Carl Friedrich Gauss — The Father of Arithmetic Progression. He was a German child genius who went on to become one of the greatest mathematicians of all time, and thanks to him we can now easily find the sum of an arithmetic sequence. How did he do it?

## His life

Carl Friedrich Gauss was born in 1777 in the city of Brunswick into a lower class family. His father would work many different jobs just to make ends meet, and his mother was illiterate. However, this didn‘t stop him from becoming a renowned mathematician, astronomer and scientific researcher.

### School and career

From the young age of seven, Carl Friedrich Gauss started elementary school, and his potential was noticed almost immediately. His teacher was amazed when Gauss summed the integers from 1 to 100. Gauss approached the question by visualising the sequence geometrically. He took 2 of the same arithmetic sequence and added them together by adding 1 unit to 100 units, 2 units to 99 units and so on until the last element of the sequence. This forms a rectangle with height n and width n+1 (where n represents the total number of elements in the sequence). The area of the rectangle (n x (n+1)) represents the sum of the two same arithmetic sequences added together, and if you want to find the sum of only one arithmetic sequence, all that is left to do is half the area.

At the age of Fourteen, Dorothea, Gauss‘ mother, recommended him to the Duke of Brunswick. The duke was impressed with Gauss‘ mathematical skills, and he gave the family money to send him to the local school. The Duke also funded his education at the University of Göttingen, where he studied mathematics.

When he was 22, Gauss graduated with a PhD. The Duke granted him the money needed for Gauss to become a private scholar in Brunswick. He worked at this job until 1807, when he went back to the university of Göttingen, as the Director of the Astronomical Observatory there. Gauss continued working at Göttingen until his death. Gauss‘ work over this time included astronomy, physics and pure mathematics.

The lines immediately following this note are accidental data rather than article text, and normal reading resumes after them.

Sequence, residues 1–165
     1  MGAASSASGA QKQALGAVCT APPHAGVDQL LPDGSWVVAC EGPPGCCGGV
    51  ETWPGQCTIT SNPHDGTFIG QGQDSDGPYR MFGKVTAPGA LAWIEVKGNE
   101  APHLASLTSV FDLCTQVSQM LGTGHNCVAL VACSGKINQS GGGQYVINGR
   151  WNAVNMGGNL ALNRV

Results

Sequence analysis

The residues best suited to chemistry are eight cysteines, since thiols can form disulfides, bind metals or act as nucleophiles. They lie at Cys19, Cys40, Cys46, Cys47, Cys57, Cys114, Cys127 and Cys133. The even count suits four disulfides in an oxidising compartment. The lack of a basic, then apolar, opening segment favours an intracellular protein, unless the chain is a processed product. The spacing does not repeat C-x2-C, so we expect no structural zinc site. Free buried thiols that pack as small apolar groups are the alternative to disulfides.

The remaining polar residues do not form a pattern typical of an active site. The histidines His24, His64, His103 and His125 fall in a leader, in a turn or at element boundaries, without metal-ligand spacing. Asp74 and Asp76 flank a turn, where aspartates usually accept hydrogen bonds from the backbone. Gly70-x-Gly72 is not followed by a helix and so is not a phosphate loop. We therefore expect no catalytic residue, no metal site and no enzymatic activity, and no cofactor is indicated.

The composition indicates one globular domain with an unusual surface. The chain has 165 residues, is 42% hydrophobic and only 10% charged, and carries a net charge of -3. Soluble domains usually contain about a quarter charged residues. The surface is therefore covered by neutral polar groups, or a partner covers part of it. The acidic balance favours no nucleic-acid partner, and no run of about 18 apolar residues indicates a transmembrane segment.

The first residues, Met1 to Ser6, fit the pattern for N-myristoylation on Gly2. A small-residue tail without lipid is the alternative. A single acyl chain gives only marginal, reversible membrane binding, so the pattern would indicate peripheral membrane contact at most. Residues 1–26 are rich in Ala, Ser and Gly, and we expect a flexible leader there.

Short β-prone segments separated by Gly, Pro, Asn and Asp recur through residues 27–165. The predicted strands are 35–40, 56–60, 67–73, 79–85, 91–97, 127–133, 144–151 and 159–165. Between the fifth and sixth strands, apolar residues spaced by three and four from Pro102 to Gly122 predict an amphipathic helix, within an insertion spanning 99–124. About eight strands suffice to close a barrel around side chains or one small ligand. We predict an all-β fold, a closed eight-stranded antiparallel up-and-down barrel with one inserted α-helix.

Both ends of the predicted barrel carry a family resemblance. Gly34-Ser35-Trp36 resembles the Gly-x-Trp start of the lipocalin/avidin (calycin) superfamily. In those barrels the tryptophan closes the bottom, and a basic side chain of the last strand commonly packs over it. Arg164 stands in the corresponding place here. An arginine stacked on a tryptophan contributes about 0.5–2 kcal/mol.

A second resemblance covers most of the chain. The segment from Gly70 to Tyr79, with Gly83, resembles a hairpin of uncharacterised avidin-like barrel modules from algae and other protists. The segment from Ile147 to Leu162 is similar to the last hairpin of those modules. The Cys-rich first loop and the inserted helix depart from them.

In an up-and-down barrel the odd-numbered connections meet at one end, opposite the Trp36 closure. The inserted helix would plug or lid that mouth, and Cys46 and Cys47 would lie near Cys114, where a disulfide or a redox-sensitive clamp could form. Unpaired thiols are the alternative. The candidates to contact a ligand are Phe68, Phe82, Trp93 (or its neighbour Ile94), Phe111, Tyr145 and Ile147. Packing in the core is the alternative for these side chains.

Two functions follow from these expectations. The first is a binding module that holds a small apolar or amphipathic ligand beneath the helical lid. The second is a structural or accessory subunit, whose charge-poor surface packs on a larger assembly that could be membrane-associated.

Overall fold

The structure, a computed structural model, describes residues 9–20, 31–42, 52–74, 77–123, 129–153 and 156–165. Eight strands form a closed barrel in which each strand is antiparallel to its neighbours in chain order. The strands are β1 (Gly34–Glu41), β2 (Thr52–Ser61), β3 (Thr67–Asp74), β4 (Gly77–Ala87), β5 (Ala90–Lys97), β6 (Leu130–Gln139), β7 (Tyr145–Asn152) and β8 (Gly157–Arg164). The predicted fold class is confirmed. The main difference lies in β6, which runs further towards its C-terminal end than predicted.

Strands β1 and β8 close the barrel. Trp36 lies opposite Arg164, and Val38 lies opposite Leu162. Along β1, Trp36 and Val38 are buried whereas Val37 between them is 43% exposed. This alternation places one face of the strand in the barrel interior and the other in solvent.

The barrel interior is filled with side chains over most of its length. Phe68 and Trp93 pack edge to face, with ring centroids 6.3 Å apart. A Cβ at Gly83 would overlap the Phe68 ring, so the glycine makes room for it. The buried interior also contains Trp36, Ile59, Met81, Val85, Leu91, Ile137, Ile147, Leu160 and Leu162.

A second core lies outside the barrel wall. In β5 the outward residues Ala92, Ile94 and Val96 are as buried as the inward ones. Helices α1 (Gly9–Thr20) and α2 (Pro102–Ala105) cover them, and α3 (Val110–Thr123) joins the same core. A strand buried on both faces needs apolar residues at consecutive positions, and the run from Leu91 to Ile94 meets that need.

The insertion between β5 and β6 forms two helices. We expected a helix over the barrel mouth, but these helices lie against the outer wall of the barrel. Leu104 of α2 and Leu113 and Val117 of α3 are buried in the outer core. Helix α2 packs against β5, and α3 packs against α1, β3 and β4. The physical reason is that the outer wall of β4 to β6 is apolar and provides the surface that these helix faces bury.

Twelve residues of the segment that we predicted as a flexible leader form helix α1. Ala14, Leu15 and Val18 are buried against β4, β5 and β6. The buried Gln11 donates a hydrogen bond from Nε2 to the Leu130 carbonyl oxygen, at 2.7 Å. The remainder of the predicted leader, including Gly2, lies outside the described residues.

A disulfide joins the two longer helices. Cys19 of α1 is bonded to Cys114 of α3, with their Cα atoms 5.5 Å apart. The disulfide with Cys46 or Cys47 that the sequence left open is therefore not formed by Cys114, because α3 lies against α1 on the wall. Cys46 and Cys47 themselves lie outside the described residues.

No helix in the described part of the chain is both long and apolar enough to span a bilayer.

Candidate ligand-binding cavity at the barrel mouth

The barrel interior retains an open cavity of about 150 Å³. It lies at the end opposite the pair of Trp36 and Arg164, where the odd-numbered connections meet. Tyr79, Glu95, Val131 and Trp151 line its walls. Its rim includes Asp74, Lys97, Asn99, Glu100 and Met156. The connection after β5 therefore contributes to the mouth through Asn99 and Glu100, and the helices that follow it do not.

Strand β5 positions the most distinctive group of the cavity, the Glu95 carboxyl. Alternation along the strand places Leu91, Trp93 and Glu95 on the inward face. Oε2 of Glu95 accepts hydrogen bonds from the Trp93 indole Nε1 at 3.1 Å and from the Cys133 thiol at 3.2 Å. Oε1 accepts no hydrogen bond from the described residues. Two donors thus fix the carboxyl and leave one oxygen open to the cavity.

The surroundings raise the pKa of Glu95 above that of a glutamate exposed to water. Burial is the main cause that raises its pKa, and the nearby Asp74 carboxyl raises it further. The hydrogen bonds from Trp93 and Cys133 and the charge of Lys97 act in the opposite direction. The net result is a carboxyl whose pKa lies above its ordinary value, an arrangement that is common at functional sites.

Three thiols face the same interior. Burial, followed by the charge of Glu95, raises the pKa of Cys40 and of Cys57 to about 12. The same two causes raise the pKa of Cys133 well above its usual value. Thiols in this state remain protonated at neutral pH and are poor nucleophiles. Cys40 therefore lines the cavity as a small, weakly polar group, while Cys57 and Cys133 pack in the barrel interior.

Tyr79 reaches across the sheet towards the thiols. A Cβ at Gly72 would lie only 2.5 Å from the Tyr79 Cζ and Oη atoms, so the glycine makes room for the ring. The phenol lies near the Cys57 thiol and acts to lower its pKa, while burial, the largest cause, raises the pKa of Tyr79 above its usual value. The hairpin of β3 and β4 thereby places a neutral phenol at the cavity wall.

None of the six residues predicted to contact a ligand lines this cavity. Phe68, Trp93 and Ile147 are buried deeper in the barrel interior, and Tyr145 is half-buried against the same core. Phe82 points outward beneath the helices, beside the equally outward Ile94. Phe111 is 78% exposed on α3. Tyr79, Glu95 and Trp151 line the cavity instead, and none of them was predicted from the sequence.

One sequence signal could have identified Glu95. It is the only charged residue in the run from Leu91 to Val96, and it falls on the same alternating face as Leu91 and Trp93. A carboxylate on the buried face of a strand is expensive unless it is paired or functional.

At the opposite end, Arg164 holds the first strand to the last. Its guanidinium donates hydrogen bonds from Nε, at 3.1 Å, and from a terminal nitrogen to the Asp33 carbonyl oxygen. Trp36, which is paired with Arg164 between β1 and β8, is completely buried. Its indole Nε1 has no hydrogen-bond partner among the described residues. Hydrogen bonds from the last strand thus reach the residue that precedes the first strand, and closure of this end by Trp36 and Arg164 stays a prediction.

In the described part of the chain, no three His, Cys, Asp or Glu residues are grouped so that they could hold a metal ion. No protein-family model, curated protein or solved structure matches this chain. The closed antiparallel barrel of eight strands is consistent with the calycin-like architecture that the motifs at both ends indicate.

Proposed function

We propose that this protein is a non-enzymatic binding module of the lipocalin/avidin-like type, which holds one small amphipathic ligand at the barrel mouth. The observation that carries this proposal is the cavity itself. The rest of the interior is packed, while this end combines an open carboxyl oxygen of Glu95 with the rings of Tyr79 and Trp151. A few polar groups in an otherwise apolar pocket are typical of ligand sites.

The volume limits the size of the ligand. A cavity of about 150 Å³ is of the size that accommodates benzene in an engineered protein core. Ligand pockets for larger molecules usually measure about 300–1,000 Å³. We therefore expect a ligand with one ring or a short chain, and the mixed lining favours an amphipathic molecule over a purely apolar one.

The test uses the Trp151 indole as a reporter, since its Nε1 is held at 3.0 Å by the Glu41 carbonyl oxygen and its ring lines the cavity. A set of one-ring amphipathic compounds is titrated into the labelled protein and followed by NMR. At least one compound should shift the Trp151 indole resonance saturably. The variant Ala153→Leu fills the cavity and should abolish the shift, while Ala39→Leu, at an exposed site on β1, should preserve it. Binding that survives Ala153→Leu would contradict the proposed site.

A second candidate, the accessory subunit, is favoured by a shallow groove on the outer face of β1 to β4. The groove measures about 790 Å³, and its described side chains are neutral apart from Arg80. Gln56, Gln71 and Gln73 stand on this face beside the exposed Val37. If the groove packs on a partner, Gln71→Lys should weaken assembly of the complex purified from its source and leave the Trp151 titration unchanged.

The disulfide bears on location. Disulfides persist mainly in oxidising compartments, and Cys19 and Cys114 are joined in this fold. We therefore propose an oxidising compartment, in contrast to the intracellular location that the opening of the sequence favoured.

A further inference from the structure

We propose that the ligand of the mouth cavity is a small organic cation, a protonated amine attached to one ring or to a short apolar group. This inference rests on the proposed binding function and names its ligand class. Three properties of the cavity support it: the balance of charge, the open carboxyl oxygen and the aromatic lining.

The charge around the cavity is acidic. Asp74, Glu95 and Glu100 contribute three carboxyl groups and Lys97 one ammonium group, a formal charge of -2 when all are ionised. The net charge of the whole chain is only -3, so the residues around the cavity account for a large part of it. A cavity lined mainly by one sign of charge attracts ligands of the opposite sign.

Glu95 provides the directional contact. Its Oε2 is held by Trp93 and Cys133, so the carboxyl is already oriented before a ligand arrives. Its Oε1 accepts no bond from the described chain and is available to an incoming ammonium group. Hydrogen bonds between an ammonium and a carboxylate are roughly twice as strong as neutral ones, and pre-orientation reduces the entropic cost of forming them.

### Personal life

Gauss married his first wife, Johanna Osthoff in 1905 at the cathedral in Brunswick. Together, they had 3 children: Joseph, Wilhelmina and Louis. Unfortunately, Johanna suddenly died just one month after the birth of Louis. Gauss wrote a threnody, a mourning hymn, in honour of his wife. Gauss became incredibly private after this tragedy, people outside of his close circle called him unapproachable, whilst his visitors became angered by his grumpy behaviour.

Gauss‘ third child, Louis, died just a few months after Johanna‘s death. The widower took 5 years to remarry, which was unusually long for the time, signifying his connection with Osthoff was. His second wife, Wilhelmine Waldeck, was a friend of Osthoff. Together, they had 3 more children, Eugen, Wilhelm, and Therese. Gauss‘ life was once again hit by tragedy when Waldeck died in 1931, after being ill with Tuberculosis for 13 years. Gauss was in severe distress and he described himself as ‘the victim of the worst domestic sufferings.’

In his later years, he would turn to learning languages, reading literature, and science.

Gauss died in his sleep at the age of 77 in Göttingen, where he was educated and worked as director of the observatory. His death came after a series of illnesses.

His legacy includes his published scientific papers and disoveries, like the Gauss Lens, which is ideal for telescopes, and is similar to the modern day pancake lenses used in modern VR Headsets.

## His discoveries

### Work from a young age